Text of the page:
Strife and wars and conflicts come and go. Our hope is in God. Our hope is that our Creator can take the remnants of what’s left and create something greater than what was here before. Our hope, our faith is that God still has a plan, a grand design to make everything better…and one day bring peace to our world.

Remembering in the Silence…
          In the silence of this sanctuary let us remember…
They shall not grow old, as that are left grow old. Age shall not weary them, nor the years condemn.
          At the going down of the sun and in the morning, we will remember them.
We will remember them. (Spill the Beans, Issue 9)

Let us pray.
          Ever-living God, today we remember those whom you’ve gathered from the noise and storm of war into the peace of your presence. May that same Spirit of Peace fall on us and all who remember this day; particularly those whose remembering brings back memories of personal loss and tragedy.
          Grant us your peace; bring justice to all peoples, and establish harmony among all nations and races, through Jesus Christ we pray. Amen.

Monday, November 4, 2013

From a Distance...

          The pictures at the beginning of the worship slides today were of Walnut, some were from high up, some from ground level and some in between. Isn't it interesting how our perspectives change, depending on where we’re at?
          From a distance we may not clearly understand what we see but up close we can see details more clearly. If we really want to see more detail we dig out the magnifying glass or maybe our microscope.
          Thinking about distance, let’s give some thought on how we communicate, with each other...and with God, and how we receive answers from folks we send messages to.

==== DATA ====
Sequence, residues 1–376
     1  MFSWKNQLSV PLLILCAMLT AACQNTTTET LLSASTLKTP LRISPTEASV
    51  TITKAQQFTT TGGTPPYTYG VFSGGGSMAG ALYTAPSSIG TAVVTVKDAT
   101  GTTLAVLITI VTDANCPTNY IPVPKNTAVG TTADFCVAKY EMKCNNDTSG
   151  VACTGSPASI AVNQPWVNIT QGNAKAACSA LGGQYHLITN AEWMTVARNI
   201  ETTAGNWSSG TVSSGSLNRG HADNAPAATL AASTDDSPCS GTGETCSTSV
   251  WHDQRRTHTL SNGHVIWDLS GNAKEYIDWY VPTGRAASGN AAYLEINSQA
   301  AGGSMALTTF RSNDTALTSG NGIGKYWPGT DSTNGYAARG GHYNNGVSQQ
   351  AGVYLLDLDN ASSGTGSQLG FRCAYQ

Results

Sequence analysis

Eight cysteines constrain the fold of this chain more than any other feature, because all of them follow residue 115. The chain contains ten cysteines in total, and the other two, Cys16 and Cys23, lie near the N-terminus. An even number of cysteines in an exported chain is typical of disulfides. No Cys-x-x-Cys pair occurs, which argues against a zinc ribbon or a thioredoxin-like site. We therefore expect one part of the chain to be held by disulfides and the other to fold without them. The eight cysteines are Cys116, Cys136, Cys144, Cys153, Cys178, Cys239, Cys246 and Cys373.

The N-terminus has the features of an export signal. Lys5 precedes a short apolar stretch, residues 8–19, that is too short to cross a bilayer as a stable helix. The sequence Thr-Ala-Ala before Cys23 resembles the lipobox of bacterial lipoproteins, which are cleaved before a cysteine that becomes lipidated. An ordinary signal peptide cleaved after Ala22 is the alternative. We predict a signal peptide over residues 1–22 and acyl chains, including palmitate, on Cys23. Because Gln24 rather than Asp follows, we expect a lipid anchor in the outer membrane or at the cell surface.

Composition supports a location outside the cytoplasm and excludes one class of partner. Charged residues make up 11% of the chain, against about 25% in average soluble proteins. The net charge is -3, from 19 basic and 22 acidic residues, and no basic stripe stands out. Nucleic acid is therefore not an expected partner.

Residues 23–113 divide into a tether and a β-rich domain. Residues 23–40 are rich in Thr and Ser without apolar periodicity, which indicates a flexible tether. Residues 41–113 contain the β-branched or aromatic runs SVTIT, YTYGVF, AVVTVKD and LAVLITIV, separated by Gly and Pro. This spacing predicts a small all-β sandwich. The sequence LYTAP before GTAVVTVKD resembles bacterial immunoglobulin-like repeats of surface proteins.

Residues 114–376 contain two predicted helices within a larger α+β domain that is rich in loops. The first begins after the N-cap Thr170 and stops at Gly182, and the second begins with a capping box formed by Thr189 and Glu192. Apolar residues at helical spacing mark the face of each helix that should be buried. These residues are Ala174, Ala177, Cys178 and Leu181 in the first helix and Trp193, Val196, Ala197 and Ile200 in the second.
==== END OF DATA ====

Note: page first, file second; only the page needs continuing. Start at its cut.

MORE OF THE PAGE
It’s not unusual today to see people sitting at tables with their eyes looking down at their laps. No, they’re not praying. One could only hope.
          No, most of the time they’re texting, who really knows who and what or even why. Maybe they’re asking questions or maybe they’re the ones with the answers and they’re sharing their wisdom with someone on the other end, maybe even someone just across the table from them. Either that or they’re on Facebook seeing who posted some picture or quote or joke or some bit of news or messaged them.
          So, I mentioned praying, in passing. What about our communications, our prayers, with the Holy? How’s that going for you? Is God speaking to you…or are you still waiting for an answer?
          How do we communicate with God…and how does God communicate with us? Habakkuk had been communicating with God through his prayers and laments. He continued to pray…and wait…and pray some more…and wait some more. When we listen to God’s word from Habakkuk it sounds as if the writer is a little worried that God isn’t listening to his prayers. It sounds as if the writer thinks that God isn’t paying any attention to what’s going on.
          Habakkuk doesn’t give up. At first he’s complaining that God isn’t paying attention or listening to his prayers; then in the next part he changes his tactics and begins to compliment God on his positive attributes, not that he doesn’t also question “why” sometimes. And then he says, “I will stand watch and station myself on the ramparts; I will look to see what he will say to me, and what answer I am to give to this complaint.” He wanted to get higher up. Maybe he thought he’d get better reception there.
          And then…God answers. We may be amazed that God answered but Habakkuk wasn’t, or at least I don’t think he was.